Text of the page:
Google’s slow-burning Chromebooks have taken a pasting in an aggressive new Microsoft advertising campaign that writes them off as “pretty much bricks” and “not a real laptop.”
It’s not the first time Redmond has taken pot-shots as Google’s products but the latest Scroogled ad takes disdain to a new level, employing US Rick Harrison from TV show Pawn Stars to ram home the general uselessness of a computer so dependent on web apps.
After being offered a Chromebook by an aspiring actress desperate for some money to get her to Hollywood, Harrison starts his jocular pitch.
“A traditional PC utilises built-in applications like Office and iTunes that work even when you’re offline,” announces Harrison before delivering the coup de gras; “You see this thingy? [the Chrome icon on the computer lid] That means it’s not a real laptop.”
It gets worse. “Google tracks what you do so they can sell ads,” adds Harrison, conveniently ignoring that Microsoft would do much the same thing if it could persuade anyone to use its own search engine, Bing.
This is how consumers end up “scroogled.” Harrison refuses to let her pawn the Chromebook and sends the woman on her way as one of his colleagues suggests that something so worthless might at last get her as far as Reno.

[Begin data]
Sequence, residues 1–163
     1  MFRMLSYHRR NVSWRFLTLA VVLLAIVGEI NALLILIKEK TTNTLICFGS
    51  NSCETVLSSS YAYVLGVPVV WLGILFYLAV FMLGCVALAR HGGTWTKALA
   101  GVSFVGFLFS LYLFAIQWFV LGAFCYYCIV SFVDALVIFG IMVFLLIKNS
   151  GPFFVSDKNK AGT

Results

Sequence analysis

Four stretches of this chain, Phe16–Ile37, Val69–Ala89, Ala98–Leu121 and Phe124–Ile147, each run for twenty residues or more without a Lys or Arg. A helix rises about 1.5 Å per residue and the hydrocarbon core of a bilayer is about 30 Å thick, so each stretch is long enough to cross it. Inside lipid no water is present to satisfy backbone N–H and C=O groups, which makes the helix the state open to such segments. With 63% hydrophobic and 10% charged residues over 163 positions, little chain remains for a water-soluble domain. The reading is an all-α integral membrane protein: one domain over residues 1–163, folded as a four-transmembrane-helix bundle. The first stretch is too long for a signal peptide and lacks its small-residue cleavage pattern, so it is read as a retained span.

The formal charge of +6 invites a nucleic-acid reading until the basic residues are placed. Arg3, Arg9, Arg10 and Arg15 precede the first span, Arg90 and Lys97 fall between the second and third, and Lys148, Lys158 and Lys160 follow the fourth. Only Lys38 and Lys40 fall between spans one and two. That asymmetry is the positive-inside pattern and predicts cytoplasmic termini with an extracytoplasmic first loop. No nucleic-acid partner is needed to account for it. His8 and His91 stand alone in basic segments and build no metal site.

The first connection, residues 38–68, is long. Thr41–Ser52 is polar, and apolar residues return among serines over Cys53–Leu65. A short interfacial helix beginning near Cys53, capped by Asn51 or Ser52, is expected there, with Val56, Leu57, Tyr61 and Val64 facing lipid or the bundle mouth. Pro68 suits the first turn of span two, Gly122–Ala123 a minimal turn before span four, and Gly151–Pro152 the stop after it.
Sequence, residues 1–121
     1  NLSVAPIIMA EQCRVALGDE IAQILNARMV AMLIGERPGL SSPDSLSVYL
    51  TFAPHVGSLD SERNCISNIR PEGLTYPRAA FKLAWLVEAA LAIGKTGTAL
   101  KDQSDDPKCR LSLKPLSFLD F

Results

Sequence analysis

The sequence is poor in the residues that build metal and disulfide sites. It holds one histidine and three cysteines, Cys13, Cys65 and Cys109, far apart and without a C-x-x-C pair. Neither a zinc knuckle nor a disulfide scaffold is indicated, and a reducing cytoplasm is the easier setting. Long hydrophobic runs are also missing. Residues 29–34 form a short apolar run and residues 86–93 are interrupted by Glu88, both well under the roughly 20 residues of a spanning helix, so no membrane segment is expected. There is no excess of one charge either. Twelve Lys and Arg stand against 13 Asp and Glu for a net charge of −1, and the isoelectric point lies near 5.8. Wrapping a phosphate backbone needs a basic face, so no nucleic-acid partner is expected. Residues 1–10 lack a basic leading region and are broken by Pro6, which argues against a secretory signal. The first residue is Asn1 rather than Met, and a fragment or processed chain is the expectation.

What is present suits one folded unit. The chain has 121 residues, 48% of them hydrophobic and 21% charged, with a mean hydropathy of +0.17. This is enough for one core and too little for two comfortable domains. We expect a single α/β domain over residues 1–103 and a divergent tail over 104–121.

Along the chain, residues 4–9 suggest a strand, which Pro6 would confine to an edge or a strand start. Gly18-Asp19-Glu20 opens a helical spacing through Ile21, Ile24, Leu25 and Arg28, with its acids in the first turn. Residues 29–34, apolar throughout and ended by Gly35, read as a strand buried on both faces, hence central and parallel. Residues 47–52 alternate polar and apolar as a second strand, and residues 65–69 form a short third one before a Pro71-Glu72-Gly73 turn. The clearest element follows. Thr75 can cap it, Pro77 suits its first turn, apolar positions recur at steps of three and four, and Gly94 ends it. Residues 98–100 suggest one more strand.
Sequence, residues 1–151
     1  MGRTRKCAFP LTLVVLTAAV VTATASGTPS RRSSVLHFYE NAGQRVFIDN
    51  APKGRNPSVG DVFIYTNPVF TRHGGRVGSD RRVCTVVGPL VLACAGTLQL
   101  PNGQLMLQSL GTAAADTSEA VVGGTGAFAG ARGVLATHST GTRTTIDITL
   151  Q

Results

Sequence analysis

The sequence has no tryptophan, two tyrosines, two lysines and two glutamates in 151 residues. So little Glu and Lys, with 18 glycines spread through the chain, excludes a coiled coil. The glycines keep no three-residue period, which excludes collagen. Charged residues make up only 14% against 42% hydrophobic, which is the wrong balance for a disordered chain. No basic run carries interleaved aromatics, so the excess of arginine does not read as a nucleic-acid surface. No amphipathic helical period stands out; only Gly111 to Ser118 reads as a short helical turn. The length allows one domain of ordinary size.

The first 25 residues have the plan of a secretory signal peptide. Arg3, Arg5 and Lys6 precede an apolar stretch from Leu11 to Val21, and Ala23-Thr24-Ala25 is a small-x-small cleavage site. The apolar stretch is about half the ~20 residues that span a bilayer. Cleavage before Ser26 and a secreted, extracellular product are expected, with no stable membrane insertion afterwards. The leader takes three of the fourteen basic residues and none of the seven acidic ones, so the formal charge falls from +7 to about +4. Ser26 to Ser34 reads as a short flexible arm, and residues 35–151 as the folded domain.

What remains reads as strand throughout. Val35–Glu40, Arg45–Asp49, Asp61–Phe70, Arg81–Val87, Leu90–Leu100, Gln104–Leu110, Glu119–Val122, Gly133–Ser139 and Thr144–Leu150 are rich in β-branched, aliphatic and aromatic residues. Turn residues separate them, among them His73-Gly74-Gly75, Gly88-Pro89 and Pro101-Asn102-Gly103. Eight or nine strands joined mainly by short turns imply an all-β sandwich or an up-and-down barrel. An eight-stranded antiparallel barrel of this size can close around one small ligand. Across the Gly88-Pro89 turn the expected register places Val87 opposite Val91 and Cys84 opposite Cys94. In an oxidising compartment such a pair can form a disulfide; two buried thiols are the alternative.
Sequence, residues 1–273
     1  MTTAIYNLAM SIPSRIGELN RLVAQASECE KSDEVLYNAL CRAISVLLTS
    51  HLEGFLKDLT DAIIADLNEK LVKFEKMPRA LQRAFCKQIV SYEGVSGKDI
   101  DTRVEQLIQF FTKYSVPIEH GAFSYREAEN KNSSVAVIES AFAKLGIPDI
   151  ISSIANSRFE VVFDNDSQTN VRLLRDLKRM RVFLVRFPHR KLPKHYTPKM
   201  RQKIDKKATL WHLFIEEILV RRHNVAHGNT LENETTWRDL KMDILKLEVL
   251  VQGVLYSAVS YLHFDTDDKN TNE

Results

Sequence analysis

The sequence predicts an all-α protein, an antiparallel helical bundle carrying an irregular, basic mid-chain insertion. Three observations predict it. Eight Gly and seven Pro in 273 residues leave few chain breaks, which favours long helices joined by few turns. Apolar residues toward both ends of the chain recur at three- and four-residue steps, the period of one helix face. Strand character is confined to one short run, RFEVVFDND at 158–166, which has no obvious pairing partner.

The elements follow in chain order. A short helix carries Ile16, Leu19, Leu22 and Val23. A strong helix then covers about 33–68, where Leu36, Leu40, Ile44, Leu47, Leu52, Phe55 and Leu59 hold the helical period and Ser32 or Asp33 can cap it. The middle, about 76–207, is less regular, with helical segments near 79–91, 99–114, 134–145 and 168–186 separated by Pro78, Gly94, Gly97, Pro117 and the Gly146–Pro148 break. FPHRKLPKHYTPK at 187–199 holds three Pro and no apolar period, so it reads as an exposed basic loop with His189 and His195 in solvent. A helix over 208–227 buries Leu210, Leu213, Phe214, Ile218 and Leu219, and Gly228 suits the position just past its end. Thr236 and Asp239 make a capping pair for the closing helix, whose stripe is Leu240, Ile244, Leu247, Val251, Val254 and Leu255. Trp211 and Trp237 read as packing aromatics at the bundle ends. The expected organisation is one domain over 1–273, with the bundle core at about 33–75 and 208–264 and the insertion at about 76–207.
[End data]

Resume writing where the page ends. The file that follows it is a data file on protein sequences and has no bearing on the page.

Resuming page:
Stirring stuff for the Microserfs but behind the bravado might the firm be secretly rattled by Chromebooks? The hate directed at Google sounds suspiciously reminiscent of the derision pointed in Microsoft’s direction 20 years ago by IBM executives furious that anyone could be foolish enough to choose Windows over the obviously superior OS/2.
There has certainly been a recent and presumably coincidental upsurge in anti-Chromebook articles by grey-haired columnists. Techworld commented on this curious phenomenon in a recent article after sales figures appeared to show that the Chromebook’s sub-million sales were barely a pimple beside those of the PC.
But Microsoft are not dummies and will know that Chromebook sales have probably been temporarily held back by a lack of global distribution – something that will change - and the fact that manufacturers have so far pitched the laptops as cheapo replacements for netbooks.
Product teasers from Asian PC makers suggests that in 2014 this will change and Chromebooks will get more powerful quad-core processors, larger screens and more native web apps. Given that the lack of an OS license fee makes them inherently cheaper, Chromebooks could start to eat into Microsoft’s share of the $300-$600 consumer laptop market, leaving Windows as an increasingly business-oriented OS.
It’s not as if sales of Windows 8 PCs have been going well with plenty of evidence pointing to the platform’s slow but steady abandonment by a consumer sector now more interested in tablets and smartphones.
Right on cue, Acer has announced a touchscreen Chromebook, the $299 (£200) 720P, another sign that the feature advantage of entry-level Windows laptops is eroding fast.
“At Gold & Silver Pawn Shop, it’s all about separating the real deal from the imitation - and the Google Chromebook sticks out like a sore thumb,” notes Scroogled’s ad blurb. Famous last words?
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